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Start planning your fall garden: Short-season annuals fill gaps between summer and winter

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Come late August, I will be looking for short-season annuals to fill in bare spots in my garden. The plants I call “short-season" annuals are those whose growing season is limited to spring, fall or both moderate-temperature seasons in South Carolina. These annuals survive neither the freezing temperatures of winter nor the relentless heat of summer. They, like me, have a narrow temperature range in which they are comfortable and perform at their peak.

At the right time of year, short-season annuals bloom beautifully and add variety to beds, borders and boxes. I will highlight a few of my favorites.

Osteospermum Tradewinds Deep Purple

Osteospermum Tradewinds Deep Purple

African daisies (Osteospermum hybrids) are a welcome sight in early spring with cheerful flowers in white, yellow, magenta and apricot. Even better, they are one of the few daisy-shaped flowers that deer don’t like. Technically, Osteospermum are perennials, but they may not survive the rains in summer or cold (25 degrees) in winter.

Osteospermum Blue Eyed Beauty

Osteospermum Blue Eyed Beauty

Calendula, a member of the aster family, is better grown in fall than in spring, since it declines in warm weather. The flat, broad flowers come in solid colors or new multi-colored forms in shades of yellow, orange and peach. The petals (minus any green parts of the flowers) are edible.

Calibrachoa is the newly accepted common name for Million Bells, which was the first cultivar (cultivated variety) of this annual introduced in 1992. Calibrachoa looks like a miniature petunia because the two ornamentals are closely related. Every year, new colors of calibrachoa are introduced to the market.

Calibrachoa grow better in pots than in the ground. To bloom, they need part-to-full sun and at least 12 hours of daylight. Charleston gets this much sun from March to October, so although calibrachoa can be overwintered if protected from frost, they will not bloom during winter. That is why I recommend them for spring rather than fall.

Calibrachoa prefer even moisture or the elusive “moist, well-drained” potting soil. Too little water or too little sun makes them (and their petunia cousins) susceptible to aphids. These pests can be managed with a spray of insecticidal soap directed at the undersides of the stems.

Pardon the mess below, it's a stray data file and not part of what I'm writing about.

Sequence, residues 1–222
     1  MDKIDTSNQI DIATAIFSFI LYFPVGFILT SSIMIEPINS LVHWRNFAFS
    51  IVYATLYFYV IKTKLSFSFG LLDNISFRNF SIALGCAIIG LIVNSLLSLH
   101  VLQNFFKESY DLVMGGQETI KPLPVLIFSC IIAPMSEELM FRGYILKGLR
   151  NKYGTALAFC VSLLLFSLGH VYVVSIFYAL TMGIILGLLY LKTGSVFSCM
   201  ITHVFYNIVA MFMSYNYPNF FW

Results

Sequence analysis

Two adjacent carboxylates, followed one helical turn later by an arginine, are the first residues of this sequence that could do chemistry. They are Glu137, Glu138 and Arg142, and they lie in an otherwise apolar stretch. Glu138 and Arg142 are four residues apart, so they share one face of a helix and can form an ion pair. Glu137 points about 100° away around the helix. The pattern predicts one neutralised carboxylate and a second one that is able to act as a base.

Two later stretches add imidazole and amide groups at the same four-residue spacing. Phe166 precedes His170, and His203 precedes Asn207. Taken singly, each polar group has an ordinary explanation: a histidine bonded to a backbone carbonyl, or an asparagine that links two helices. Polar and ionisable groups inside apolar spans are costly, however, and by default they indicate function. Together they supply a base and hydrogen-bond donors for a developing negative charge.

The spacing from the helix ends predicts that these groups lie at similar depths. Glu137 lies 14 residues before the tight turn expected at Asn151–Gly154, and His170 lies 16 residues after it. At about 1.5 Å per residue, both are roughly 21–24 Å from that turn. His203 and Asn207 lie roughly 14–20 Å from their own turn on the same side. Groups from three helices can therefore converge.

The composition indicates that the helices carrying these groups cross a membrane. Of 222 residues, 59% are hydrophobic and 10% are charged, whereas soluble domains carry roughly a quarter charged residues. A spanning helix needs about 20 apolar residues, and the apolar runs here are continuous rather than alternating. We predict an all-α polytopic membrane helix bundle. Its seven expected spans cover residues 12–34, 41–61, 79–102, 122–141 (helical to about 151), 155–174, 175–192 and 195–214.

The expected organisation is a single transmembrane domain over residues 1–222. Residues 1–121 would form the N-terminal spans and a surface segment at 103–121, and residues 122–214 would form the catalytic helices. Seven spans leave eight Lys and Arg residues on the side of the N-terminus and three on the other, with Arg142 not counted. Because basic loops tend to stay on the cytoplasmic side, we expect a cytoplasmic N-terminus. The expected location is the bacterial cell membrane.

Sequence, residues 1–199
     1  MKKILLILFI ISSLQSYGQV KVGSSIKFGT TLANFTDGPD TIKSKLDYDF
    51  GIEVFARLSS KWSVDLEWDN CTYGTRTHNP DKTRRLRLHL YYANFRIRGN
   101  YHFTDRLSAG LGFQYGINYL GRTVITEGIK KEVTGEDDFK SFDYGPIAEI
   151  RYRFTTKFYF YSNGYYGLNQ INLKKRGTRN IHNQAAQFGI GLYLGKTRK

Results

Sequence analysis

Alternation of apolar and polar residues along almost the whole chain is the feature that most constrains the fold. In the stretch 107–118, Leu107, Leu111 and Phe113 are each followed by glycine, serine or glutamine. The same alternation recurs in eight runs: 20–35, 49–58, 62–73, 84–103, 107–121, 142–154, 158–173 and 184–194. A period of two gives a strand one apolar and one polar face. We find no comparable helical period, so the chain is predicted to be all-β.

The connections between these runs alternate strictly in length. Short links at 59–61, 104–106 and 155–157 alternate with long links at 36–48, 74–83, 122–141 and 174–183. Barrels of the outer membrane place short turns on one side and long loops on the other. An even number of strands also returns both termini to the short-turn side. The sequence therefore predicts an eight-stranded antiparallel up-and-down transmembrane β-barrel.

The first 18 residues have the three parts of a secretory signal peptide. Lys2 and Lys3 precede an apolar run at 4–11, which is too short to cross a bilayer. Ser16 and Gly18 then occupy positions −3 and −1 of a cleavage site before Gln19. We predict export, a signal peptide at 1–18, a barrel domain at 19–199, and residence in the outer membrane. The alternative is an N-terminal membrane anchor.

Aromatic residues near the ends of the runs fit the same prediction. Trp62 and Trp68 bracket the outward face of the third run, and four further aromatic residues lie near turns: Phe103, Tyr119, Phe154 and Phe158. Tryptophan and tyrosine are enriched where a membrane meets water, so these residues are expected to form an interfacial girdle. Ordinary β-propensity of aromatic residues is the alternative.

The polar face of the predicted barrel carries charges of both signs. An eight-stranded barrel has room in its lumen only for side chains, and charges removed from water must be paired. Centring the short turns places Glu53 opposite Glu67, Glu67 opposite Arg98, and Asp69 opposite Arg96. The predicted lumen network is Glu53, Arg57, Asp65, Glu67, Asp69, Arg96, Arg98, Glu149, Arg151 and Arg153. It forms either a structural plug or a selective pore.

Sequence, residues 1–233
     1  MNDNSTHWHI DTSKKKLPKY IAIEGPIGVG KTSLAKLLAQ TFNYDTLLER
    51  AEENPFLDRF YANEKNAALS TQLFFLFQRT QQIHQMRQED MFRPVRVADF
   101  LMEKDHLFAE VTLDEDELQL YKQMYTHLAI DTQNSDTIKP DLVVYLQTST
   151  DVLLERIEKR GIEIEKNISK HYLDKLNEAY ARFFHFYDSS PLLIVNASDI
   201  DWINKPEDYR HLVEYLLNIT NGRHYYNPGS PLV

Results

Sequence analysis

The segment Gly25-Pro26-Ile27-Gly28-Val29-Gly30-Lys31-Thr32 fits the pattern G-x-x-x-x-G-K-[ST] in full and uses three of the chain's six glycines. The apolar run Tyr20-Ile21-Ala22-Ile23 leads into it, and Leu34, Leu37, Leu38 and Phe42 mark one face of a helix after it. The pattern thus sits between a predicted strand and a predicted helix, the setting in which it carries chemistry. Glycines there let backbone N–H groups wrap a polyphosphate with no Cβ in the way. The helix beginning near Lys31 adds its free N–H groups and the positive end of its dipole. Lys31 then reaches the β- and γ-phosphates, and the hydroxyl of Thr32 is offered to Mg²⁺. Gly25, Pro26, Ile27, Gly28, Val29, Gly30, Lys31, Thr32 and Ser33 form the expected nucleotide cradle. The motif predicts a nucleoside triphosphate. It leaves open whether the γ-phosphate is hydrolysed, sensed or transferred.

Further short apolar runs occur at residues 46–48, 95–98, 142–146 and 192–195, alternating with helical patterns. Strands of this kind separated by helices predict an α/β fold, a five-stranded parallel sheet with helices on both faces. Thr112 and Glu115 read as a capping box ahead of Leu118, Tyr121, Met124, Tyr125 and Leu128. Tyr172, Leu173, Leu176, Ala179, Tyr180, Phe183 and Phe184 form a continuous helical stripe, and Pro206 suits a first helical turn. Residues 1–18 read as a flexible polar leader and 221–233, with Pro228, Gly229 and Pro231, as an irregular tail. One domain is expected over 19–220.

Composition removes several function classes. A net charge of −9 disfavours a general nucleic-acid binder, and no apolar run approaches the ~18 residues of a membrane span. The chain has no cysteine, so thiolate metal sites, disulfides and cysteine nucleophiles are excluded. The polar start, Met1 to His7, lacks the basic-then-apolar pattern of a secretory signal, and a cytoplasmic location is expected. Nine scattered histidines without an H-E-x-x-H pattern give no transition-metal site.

I’ve rediscovered why our grandmothers loved geraniums. The large, ball-shaped clusters of flowers make an instant focal point in any setting. If the traditional scarlet flowers don’t fit into a color scheme, modern geraniums come in shades of pink, magenta and coral.



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Geraniums, unlike other short-season annuals, will survive summer, although they will not bloom at night temperatures in the mid-70s or warmer. Geraniums protected from frost will survive the winter. Unlike ones in the North, they should be left in pots over winter, not uprooted.

Lobelia, although short-lived, is the recommended annual for gardeners who want true blue flowers. Lobelia is a much better choice than lithodora, an annual that is not adapted to the Lowcountry.

Nine best bets for summer annuals (copy)

Marigolds are well-suited to the Lowcountry for late summer planting. 

Yellow, orange or rust marigolds are my “go-to” annual for fall because they coordinate so well with other fall flowers, especially chrysanthemums of any color. Marigolds planted in late August or September will bloom until frost.

A side benefit of marigolds is their antagonism toward nematodes. The roots are completely resistant, or immune, to infection by nematodes. The leaves have natural products that kill nematodes when added to soil. Since root-knot nematode, the main nematode pest of ornamentals and vegetables, is active in warm soil, planting marigolds for fall is the best time to make use of their pesticidal properties.



Not much needs to be written about petunias, other than to remind gardeners that the spreading types are more heat-tolerant than the old-fashioned clumping types. For late August planting, choose a spreading type. For late September planting, choose a clumping type, but note that petunia is relatively frost sensitive, and may be lost in an early fall cold snap.



Sweet alyssum is a must for Lowcountry gardens. This clumping annual blooms vigorously in white, purple or rose. It stays short enough to shine at the front of a bed without blocking the taller annuals planted behind it.

The tiny flowers nourish beneficial insects, especially tiny wasps that attack pest insects. When problem pests aren’t around, alyssum flowers provide nectar for the wasps in flowers small enough to accommodate their tiny mouthparts.

Anthony Keinath is professor of plant pathology at the Clemson Coastal Research & Education Center in Charleston. His expertise is in diseases of vegetables. He is also an avid gardener. Contact him at

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